As the cold winter days begin to fade away, Belle Roche Vineyard at Ducleaux Cellars is coming to life with the arrival of very early spring. This is a time of rejuvenation and renewal for the vines, as they awaken from their winter slumber and start preparing for the upcoming growing season. We've had a reasonable winter with only a single day that got close to zero in the Walla Walla Valley.
The first step during late February and March is pruning. This is one of the best ways to manage how much fruit and canopy the vineyard will produce and limit the amount of work needed during the growing season. Each variety is a little different and we'll look to see if any bud damage occurred over winter that would cause us to leave a few more buds.
One of the first signs of spring in the vineyard is the emergence of tiny buds on the vines. These buds are the starting point for the new growth that will eventually produce the grapes that make up the wine we all love. We're still about 6 weeks away, but the timing of bud break is critical to the success of the upcoming harvest, as late frosts or other adverse weather conditions can damage or even destroy the delicate buds. We have a wind machine that can help us manage this as long as it doesn't get below 27 degrees after bud break.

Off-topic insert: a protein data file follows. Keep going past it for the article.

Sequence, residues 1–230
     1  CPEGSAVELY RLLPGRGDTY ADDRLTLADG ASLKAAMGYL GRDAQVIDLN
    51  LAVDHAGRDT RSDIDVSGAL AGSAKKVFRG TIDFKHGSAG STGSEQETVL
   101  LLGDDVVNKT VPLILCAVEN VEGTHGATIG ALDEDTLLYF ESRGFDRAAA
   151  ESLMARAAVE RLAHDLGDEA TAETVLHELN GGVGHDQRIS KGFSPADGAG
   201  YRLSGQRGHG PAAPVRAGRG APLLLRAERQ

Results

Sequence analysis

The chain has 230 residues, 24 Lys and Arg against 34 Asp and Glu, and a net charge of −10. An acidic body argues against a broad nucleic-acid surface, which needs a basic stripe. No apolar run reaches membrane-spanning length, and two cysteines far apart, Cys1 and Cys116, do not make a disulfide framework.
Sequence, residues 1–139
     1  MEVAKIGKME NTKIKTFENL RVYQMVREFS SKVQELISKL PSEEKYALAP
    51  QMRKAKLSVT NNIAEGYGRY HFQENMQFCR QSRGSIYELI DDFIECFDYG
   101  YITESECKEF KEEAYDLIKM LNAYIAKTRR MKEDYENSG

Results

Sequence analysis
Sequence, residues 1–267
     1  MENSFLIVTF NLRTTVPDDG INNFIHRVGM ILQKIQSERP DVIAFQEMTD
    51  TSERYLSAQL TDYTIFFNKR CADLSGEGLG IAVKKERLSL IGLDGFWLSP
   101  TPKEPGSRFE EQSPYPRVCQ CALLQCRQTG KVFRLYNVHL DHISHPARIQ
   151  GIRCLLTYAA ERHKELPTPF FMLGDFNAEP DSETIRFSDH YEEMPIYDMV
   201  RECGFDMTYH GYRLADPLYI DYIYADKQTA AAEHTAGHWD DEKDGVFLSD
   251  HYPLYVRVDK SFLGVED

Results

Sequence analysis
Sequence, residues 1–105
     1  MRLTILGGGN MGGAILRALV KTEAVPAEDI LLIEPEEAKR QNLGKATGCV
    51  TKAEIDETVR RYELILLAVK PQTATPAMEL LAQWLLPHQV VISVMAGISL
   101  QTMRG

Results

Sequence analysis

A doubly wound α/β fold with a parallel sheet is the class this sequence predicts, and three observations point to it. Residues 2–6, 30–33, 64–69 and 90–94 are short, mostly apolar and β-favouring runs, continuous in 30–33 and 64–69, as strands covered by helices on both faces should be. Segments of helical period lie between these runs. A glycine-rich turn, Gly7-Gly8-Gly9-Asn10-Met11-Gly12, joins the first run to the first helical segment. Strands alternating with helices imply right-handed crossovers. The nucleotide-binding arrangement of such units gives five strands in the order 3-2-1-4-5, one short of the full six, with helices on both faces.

Growing our own grapes gives us control over farming methods and the quality of fruit produced. Mother Nature also exerts maximum anxiety throughout the growing season.
As I always tell guests in our tasting room, we became enamored by the perceived lifestyle of a rural winemaker. Farming and weather is definitely not something contemplated in the perceived lifestyle.